Former president Donald Trump has regularly rebuffed claims that he flushed presidential records down the toilet during his impeachment-marred time in office, but on Monday, two pictures emerged to undercut that claim.
The pictures were obtained by New York Times reporter Maggie Haberman and shared with Axios first. Haberman is promoting her upcoming book on the former president and his tumultuous time in office, Confidence Man: The Making of Donald Trump and the Breaking of America.
The images depict two open toilets where small piles of ripped-up paper—replete with what looks very much like Trump’s all-caps scrawl in permanent marker—sit waterlogged at the bottom. One of the piles features the plainly visible name of New York Republican Elise Stefanik, one of Trump’s most fervent defenders in Congress. The other visible name is “Rogers,” which could be a reference to Reps. Hal Rogers of Kentucky or Mike Rogers of Alabama, both allies of the former president, but it is not clear. In the other photo, the writing is illegible.
White House sources told Haberman that the photo with the illegible writing was taken at the White House. The other photo was reportedly snapped during a trip overseas. A spokesperson for Trump, Taylor Budowich, slammed Haberman’s pending book and dubbed the release of the photos as a “desperate” bid to boost sales. Budowich also suggested Haberman staged the photos.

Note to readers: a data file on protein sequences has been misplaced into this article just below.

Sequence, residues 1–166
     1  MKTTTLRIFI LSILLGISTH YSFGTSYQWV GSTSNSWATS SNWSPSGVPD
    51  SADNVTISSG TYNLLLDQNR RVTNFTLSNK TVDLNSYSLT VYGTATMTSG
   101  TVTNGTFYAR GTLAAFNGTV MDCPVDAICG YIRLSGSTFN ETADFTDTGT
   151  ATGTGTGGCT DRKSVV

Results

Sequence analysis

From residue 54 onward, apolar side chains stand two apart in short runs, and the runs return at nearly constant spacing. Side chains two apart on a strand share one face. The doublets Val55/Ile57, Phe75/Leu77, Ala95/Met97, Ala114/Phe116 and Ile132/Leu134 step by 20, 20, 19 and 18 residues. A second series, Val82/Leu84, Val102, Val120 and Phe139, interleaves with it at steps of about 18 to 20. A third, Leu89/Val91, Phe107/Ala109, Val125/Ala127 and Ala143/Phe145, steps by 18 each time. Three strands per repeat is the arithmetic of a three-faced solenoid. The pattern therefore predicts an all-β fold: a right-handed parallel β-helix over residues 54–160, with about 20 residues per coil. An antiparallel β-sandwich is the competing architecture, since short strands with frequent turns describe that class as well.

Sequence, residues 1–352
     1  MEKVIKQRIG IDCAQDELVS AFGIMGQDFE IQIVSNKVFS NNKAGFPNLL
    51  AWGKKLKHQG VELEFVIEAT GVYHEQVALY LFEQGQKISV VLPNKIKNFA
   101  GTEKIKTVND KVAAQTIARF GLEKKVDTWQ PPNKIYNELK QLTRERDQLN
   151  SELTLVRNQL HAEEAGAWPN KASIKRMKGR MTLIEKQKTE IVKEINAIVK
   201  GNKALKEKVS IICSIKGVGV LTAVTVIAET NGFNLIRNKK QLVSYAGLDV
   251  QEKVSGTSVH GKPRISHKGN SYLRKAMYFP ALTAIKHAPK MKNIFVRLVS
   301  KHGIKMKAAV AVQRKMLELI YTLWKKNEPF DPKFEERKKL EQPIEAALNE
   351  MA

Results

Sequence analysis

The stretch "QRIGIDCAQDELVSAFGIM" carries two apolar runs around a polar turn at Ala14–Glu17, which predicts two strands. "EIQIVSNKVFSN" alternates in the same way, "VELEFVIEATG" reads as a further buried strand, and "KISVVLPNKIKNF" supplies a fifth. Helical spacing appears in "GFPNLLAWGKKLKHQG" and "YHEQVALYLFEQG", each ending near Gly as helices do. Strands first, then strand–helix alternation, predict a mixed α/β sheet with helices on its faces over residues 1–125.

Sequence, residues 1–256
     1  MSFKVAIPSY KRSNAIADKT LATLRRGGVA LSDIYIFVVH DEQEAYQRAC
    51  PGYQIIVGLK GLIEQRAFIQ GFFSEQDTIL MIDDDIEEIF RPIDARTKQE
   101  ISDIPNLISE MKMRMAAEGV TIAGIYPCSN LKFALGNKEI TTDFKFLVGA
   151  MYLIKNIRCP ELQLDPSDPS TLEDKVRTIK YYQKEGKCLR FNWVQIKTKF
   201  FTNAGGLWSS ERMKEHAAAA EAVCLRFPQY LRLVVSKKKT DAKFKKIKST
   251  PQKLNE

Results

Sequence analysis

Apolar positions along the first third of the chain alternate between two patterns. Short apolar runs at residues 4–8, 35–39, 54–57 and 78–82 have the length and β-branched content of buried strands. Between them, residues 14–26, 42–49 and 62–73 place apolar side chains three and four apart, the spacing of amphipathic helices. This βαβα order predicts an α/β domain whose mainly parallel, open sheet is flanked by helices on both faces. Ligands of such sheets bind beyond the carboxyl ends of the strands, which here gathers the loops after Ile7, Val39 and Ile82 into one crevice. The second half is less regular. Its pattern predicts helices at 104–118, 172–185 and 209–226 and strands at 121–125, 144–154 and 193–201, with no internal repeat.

It was in February when The New York Times first reported that White House staff sometimes found toilets clogged with wads of paper. The culprit was widely believed to be the former president, though he has resoundingly denied this and chalked up reports to “fake news.”
The destruction of records was a “periodic” occurrence, according to White House staffers interviewed by Haberman.
She told Axios: “That Mr. Trump was discarding documents this way was not widely known within the West Wing but some aides were aware of the habit, which he engaged in repeatedly.”
The Presidential Records Act demands officials preserve all records tied to their official duties, and that includes the president.